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‘Safe as long as you’re dull!’ Ian Hislop defends royals ‘having a good time’

Harry and Meghan didn't 'play the game' with Archie says expert

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The Private Eye editor was speaking on the second instalment of ‘The Princes and the Press’, which aired last night on BBC Two. The documentary sees BBC media editor Amol Rajan explore the Firm’s tempestuous past three years, covering topics such as the birth of Prince Harry and Meghan’s son Archie and the royal tours of the Sussexes and Prince William and Kate, Duchess of Cambridge. Naturally, Mr Rajan also explores the circumstances which surrounded Harry and Meghan stepping down from the Royal Family last year.

While assessing the type of coverage Meghan received while a member of the Firm, the documentary explores the media response to Meghan attending an “extravagant” baby shower in New York.

Some publications were scathing of the Duchess’ decision to travel to New York for the party in February 2019 to celebrate the impending arrival of Harry and Meghan’s first son, Archie. 

Daily Mail Columnist Amanda Platell said on the documentary: “She went to New York, had this fantastically extravagant baby shower.

“And it just seemed so ostentatious.”

Read More: Royal Family LIVE: William and Kate ‘will snub Meghan and Harry’

However, Mr Hislop, who has been a team captain on BBC comedy show ‘Have I Got News For You’ since the Nineties, launched a defence of Meghan. 

The journalist claimed that a royal must be “dull” to be safe from media scrutiny.

Mr Hislop said: “They are safe as long as they’re dull.

“And as long as we feel they’re having quite a boring life, involving dogs and horses and Scotland and other things we’re not terribly jealous about.

“The minute they’re having a good time, that all looks a bit too much fun.

“And the basic job is to sit in the rain and wave.”

Journalist Rachel Johnson also noted that royals are expected to remain uncontroversial.

While assessing the difference in the media and public’s response to Kate and Meghan, Ms Johnson claimed that certain journalists responded better to the Duchess of Cambridge because she is “not political” and “doesn’t open her mouth”.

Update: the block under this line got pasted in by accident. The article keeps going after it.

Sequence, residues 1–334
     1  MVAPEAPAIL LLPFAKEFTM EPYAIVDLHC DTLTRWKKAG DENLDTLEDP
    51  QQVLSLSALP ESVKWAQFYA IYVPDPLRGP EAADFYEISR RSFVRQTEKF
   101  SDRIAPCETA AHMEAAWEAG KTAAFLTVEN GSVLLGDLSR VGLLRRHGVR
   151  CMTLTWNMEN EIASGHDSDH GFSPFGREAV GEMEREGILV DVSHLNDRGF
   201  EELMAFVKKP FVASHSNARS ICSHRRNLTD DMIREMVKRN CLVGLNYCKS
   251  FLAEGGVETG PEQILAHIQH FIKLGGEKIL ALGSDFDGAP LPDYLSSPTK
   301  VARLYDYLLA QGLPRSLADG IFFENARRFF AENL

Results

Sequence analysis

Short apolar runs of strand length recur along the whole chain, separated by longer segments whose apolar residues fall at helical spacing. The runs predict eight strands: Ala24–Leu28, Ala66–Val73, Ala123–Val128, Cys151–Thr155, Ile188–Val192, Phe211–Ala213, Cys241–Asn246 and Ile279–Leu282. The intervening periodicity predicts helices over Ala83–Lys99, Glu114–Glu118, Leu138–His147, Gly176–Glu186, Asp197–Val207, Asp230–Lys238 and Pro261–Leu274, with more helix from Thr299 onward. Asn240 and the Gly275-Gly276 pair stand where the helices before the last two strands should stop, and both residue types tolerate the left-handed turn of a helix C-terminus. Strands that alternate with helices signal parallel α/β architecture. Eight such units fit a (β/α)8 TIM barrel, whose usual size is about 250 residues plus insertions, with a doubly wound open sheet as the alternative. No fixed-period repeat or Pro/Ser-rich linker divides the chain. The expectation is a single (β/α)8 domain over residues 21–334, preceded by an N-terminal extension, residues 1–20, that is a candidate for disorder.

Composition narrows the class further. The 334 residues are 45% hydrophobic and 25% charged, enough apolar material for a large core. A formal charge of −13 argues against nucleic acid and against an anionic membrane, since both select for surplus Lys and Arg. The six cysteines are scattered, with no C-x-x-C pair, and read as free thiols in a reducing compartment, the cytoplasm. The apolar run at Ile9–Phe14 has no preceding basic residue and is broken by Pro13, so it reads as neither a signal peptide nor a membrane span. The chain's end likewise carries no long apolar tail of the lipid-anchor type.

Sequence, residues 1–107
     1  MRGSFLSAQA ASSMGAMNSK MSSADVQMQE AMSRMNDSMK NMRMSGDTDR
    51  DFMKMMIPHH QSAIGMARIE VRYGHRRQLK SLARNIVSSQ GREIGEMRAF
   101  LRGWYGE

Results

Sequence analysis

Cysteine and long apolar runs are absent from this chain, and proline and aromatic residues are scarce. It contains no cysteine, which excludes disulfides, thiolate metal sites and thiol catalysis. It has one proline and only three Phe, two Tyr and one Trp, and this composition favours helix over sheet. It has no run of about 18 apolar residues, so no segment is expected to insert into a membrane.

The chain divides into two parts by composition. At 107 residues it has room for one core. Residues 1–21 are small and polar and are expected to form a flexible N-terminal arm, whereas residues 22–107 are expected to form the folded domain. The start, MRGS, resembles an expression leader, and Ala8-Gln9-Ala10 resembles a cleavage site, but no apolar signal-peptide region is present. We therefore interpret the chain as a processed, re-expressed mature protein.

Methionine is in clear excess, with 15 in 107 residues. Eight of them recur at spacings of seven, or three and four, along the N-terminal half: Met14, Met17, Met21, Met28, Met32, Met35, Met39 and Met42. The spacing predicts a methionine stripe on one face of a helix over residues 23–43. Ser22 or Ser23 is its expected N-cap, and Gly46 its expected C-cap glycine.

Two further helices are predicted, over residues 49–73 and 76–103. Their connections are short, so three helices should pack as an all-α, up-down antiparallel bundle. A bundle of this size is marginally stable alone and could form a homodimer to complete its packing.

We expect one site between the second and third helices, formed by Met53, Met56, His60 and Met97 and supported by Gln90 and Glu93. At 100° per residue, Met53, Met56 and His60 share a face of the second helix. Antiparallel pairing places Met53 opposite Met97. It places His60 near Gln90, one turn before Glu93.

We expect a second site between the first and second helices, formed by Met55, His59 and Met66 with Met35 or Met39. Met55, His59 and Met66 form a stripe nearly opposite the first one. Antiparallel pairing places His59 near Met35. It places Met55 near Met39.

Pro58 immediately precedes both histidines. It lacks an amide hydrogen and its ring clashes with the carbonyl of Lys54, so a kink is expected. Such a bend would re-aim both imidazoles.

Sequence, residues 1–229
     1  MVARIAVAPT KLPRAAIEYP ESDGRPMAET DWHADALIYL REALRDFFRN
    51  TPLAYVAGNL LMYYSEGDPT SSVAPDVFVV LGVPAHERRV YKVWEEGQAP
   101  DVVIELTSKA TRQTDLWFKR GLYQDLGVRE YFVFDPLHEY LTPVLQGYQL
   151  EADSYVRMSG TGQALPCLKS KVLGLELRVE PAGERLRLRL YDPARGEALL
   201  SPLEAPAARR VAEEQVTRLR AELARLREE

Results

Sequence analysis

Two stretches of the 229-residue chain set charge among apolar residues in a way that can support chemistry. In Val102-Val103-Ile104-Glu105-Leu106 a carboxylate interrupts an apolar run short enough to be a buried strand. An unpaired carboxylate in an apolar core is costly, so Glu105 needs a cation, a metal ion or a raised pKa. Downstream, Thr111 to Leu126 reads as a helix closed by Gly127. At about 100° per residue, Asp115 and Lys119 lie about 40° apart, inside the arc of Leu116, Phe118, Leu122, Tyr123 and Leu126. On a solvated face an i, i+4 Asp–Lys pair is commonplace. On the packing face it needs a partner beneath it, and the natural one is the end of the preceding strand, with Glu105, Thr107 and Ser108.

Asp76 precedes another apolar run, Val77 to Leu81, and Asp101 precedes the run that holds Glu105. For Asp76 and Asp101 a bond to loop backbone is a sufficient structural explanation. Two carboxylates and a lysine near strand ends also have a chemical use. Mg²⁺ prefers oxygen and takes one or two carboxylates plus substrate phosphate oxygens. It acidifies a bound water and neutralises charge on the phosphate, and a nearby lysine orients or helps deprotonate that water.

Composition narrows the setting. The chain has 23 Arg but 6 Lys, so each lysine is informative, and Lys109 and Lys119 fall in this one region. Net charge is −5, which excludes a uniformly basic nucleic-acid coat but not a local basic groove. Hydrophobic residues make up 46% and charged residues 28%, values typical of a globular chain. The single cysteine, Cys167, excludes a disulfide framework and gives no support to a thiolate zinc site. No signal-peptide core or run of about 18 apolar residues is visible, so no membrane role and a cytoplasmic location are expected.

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Ms Johnson said: “There are women journalists in this country who basically say ‘Kate is perfect, she’s our English rose’.

“They have a perfect template of what they want a royal female to be ‒ not political, doesn’t open her mouth very much in public, who makes very short scripted speeches on very safe subjects.

“Whereas Meghan Markle will talk about period poverty, she’ll talk about racism, she will talk about female empowerment. 

“These are trigger subjects in this country, where the Royal Family, despite being led by the Queen for seventy-odd years, is still a very patriarchal, hierarchical country.”

The BBC documentary has caused controversy and created tension between the broadcaster and the Firm.

Last week, Buckingham Palace, Clarence House and Kensington Palace even released a joint statement criticising the programme.

The royal households believed ‘The Princes and the Press’ to have made “overblown and unfounded claims” and added they were “disappointed” the BBC had given credibility to the claims. 

In particular, the Royal Family are said to be unhappy that the documentary explored allegations that negative stories about royal life were based on information leaked from people connected to other royal households.

The BBC subsequently responded, insisting the programme is “about how royal journalism is done and features a range of journalists and the newspaper industry.”

Watch ‘The Princes and the Press’ on BBC iPlayer.

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